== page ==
ME lecturer emphasizes interactive classrooms at Iowa State
Growing up in Ames means having Iowa State University in your backyard. For Margaret Mathison, it also meant the chance to experience engineering at a young age.
As a sixth grader, she and her friends built a solar-powered car and raced it at an event held on campus, and during the summer of her junior year of high school, Mathison attended an ISU engineering camp.
“Those hands-on, interactive learning opportunities have really stuck with me. I try to integrate that same approach in my classrooms, because it works so well for keeping students engaged in the subject,” she said.
Mathison, who graduated from Iowa State in 2005, will be putting her philosophy to work in mechanical engineering courses as a lecturer for the department.
While she says there’s still a lot that’s familiar about her alma mater, she’s glad to see a great deal of growth and advancement has taken place on campus since she was last here.
“There are new buildings to explore and new technologies developed since I graduated,” she said. “But in this discipline, you can always count on things like thermodynamics to stay constant. There’s been a good balance of building and innovating in mechanical engineering.”
During her time as an undergraduate student, Mathison spent nearly as many hours in the Music Hall as she did working on her engineering coursework. She says her hobbies enriched her college experience and continue to provide her with an outlet.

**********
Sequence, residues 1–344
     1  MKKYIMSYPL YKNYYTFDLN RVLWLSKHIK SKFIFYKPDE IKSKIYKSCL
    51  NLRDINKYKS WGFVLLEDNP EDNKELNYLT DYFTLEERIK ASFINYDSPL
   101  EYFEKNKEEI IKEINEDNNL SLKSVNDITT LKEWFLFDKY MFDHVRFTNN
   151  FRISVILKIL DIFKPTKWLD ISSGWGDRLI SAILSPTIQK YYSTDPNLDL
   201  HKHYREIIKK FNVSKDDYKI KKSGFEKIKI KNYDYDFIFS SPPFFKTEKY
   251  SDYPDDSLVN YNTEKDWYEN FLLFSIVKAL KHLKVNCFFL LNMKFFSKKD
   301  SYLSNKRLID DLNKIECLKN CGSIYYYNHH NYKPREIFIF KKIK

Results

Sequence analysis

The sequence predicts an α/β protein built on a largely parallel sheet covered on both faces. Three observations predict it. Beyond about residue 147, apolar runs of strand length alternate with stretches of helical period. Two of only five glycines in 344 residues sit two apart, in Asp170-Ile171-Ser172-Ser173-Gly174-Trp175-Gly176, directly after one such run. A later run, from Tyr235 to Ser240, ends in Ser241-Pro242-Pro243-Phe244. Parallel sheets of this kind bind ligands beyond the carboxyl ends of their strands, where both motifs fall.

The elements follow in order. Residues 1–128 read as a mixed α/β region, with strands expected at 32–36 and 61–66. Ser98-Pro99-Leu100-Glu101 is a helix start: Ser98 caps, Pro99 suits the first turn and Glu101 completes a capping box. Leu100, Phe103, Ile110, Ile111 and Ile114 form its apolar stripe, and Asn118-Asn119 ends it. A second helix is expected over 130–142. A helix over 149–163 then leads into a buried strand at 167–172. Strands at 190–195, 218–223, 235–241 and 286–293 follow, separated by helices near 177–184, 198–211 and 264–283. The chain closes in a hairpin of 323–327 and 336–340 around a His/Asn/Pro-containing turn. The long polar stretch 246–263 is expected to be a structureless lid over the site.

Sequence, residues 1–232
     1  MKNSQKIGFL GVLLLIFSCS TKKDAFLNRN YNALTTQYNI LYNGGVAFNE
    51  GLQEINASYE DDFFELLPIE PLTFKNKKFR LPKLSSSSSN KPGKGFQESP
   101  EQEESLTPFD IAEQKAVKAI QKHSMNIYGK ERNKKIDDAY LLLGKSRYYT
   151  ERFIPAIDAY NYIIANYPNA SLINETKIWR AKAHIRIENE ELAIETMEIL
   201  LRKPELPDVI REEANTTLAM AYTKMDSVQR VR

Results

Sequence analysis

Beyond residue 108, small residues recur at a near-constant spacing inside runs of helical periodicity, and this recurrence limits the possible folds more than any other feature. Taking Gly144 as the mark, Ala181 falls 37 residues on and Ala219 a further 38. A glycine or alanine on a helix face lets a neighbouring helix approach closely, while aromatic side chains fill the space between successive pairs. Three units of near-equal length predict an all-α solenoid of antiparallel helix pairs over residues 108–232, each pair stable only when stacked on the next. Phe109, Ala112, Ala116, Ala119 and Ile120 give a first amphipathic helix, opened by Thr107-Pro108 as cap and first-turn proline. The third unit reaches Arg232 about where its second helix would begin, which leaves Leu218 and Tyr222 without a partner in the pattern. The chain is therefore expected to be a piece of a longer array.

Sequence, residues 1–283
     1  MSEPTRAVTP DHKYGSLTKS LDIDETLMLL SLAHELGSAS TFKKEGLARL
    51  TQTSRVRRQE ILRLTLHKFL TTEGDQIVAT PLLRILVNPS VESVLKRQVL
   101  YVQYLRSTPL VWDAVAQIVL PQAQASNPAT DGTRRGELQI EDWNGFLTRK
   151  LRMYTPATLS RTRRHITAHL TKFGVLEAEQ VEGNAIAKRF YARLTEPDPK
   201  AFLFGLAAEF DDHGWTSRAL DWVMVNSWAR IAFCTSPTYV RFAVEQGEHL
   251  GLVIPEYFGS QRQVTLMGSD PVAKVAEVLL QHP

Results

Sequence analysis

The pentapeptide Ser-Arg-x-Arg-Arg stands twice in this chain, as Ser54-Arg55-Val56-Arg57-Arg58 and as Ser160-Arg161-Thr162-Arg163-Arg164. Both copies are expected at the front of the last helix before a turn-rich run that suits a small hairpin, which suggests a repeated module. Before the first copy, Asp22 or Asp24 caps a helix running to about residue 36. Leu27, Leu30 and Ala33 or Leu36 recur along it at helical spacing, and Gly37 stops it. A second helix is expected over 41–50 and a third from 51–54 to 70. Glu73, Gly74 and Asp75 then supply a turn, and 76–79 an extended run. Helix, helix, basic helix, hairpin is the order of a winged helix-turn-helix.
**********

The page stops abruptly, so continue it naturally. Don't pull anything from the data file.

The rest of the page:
Her undergraduate years were also when she learned about heating, ventilating and air conditioning, the focus area that would eventually become her area of expertise. “HVAC was the one thing I said I’d never study, and it ended up being the area I liked the most. Moments like that made me realize how important it is to be open to different opportunities. You never know what you could be missing,” Mathison said.
After she graduated from Iowa State, she earned a PhD from Purdue University in 2011 and then worked as an assistant professor of mechanical engineering at Marquette University for four years. She says her experience has taught her a lot about management as well as effective approaches in the classroom.
Now, she is teaching courses in mechanical engineering design and thermodynamics. “Design is a new area for me, but it’s exciting to see how the course has evolved since I took it,” Mathison said. “When I was here, we made adaptive devices for local children. Current students are designing micro-economy kits for developing countries.”
Mathison will also work with Greg Maxwell, associate professor of mechanical engineering, to learn about the HVAC fundamentals and design courses he teaches. “Professor Maxwell taught me as an undergraduate and helped guide my career. It will be nice to continue learning from him in this new capacity,” she said.
As she settles into her position, Mathison plans to get involved in the local and student chapters of ASHRAE – the American Society of Heating, Refrigerating and Air-Conditioning Engineers. She says Maxwell has built great connections between the HVAC courses he teaches and the professionals who are looking for HVAC engineers, adding that his coursework does a great job preparing students interested in this career path.
In her classroom, students can expect a mix of teaching styles.
“While there are a lot of new tools for teaching available, something as simple as giving students time to work on problems in class can make the experience more engaging and effective,” Mathison says. “I’m looking forward to developing demonstrations and examples that allow students to relate their courses to their world.”